On Fat Tuesday!
Having just returned from New Orleans (weighted down with parade loot) I just couldn't resist doing a Mardi Gras theme!
We talked about the history of masks, at Masquerade balls and the masked Krewe members on parade floats. But mostly, everyone just wanted to try on masks.
Ken even taught me a little something I never knew about Louis Armstrong! "Louis did not like to be called Louie!"
The best music was what we made ourselves. Everyone wanted a turn with the toy accordion. It may be small and toylike, but we had to laugh at how it tested our patience and skills... like patting your head and rubbing your tummy. There's a lot of opening and closing and button pressing to do at once!
We talked a lot about the bad reputation of Mardi Gras parades. I let them know that most parades are family friendly and safe. They were amazed at the silly stuff that gets thrown from floats. I made everyone earn their beads by at least catching them! Martha used a plastic sword (from the Cleopatra float) to catch her beads!
We laughed about the crazy parade traditions and how many refuse to pick up "ground beads" that hit the street before being caught. I showed a picture that I took of the streets being cleaned after a parade.
Putting Beads to Use
Besides wearing beads, we talked about other uses. I showed more pictures of how trees and fences in New Orleans are decorated.
The Louis Armstrong Room!
I broke "Lent Rules" and did a late Mardi Gras celebration (On Thursday) with my wonderful group at The Crescent. Not only does the skilled nursing facility use New Orleans as a theme for every hall and room and piece of art, but I have a number of Louisiana residents who were excited to teach me more in our 2 hour gathering than I learned on my trip to NOLA!
Mary Lead the Group!
She laughed about the parties she attended as a young girl and how her mother hoped she wouldn't get the baby in the King Cake. "That tiny trinket earned you too many responsibilities for the next year's celebrations!" Mary praised the police who made the parades as safe as they could be and she laughed about catching potatoes and cabbages at St. Pat's Day parades, as well.
It was amazing to see such a new resident, appear so at home. "When my daughter found this place, she knew I'd love it!" Mary laughed. (There aren't many nursing homes with hallways named Bourbon Street, I guess. ) She said she felt so comfortable at The Crescent, she hoped to live there until the day she died. "When I die, they can cremate me and take my ashes to New Orleans and place 'em right on my husband's grave!" This was a woman who knew what she wanted and seemed mighty pleased about it. Wow! Is that the power New Orleans has over its people? I had to smile!
What Did I Learn?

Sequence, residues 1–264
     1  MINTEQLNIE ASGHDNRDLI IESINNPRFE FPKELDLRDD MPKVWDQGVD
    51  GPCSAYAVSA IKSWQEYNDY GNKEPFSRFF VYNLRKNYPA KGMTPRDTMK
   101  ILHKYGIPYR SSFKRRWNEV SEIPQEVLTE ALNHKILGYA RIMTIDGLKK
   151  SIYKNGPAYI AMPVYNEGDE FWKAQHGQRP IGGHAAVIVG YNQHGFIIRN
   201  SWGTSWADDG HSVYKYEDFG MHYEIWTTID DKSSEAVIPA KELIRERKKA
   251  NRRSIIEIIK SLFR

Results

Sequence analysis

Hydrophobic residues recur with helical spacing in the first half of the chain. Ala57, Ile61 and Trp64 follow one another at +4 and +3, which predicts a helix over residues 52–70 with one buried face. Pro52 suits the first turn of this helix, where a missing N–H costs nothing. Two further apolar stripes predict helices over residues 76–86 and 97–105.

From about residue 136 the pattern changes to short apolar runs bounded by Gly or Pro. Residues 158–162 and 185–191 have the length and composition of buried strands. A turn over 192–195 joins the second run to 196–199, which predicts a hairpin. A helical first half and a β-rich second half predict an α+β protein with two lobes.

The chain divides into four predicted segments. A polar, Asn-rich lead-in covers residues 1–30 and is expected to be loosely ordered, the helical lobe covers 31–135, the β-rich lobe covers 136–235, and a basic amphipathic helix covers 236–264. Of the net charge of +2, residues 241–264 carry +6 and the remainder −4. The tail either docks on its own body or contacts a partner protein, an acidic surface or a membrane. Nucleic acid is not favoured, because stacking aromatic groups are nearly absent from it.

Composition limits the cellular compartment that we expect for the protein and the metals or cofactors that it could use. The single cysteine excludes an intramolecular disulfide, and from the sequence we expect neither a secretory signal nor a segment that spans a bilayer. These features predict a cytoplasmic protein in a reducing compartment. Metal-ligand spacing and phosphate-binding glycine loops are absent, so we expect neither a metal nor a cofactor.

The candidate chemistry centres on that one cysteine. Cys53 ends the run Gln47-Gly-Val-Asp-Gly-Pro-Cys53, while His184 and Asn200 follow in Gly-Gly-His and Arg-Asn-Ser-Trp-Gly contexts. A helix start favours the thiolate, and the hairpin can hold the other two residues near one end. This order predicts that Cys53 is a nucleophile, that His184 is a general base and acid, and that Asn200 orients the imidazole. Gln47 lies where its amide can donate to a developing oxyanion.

Older Than Any of Us!
All of my senior groups seemed pretty impressed by these cards, from back in the day, when cupids and lace ruled. We were amused to read a couple "Guess Who" signatures and to discover some postmarks from 1910. All in all, we began to feel pretty good about our young selves. These cards, from as early as 1890, were all older than any of us!
Feeling good about ourselves...
Harps and Arrows!
So we kept it light with some pondering over the absurdity of those crazy cupids and their role in the holiday! I brought along the zither so we could create some of our own "harpish" cupid music! Betty got pretty good at plucking out the melody of Brahms' Lullaby, which we thought was an appropriate love song... for a baby!
Movie Star Couples
We talked about Romantic movies and Romantic couples. Which stars had the best chemistry? Which stars really fell in love? Then we got off on tangents of who was still alive and it got a little sad. One sweet friend in my Alzheimer's group couldn't get over the news that Clark Gable was no longer with us.
The Older the Song the Better
Music That Conjures Memories
A few winced when I jumped to "love songs" of the sixties. "She Loves You Yeah, Yeah, Yeah" didn't seem to hold any sentimental value for these folks who were probably young parents at that time. They didn't find anything slow or romantic about "I Wanna Hold Your Hand" either!
Music for Dancing
The Most Touching
"Some Enchanted Evening" seemed to be the song with the most sentimental impact. With my first group, I hesitated playing the piece since there was something so sweet and sad about the recording. But I also knew it could have a magical way of delighting these folks... who can be like giddy teens sometimes! With the piano intro, the group became so suddenly still that I worried. The voices that usually holler over each other began to softly recall the song... then describe wonderful images and places. "That was a song my husband and I used to dance to." "It makes me want to be sitting and watching a sunset with someone special!" "I'm thinking of a quiet restaurant, with dim lighting..."
Martha covered her face and I could hear her sigh. I held my breath, ready to break the sad spell, then Martha's hands came down and there was a big smile, although her eyes looked wistful. "That is so beautiful!" She started and the others chimed in. We listened and talked through the piece a while longer. Such a sweet moment.
What Did I Learn?
We all agreed that Valentine's Day can be tough especially for those without love and those who are missing loved ones. But in all our groups we focused on how fortunate we were to have each other.
A lot of hugging happened around the Quilt this week!
For 20+ years children have called it the Magic Quilt. They've danced and pretended all over these colorful squares. I've dragged it to schools, shelters and studios where children have climbed on top to hear Magic Quilt Stories and to act them out.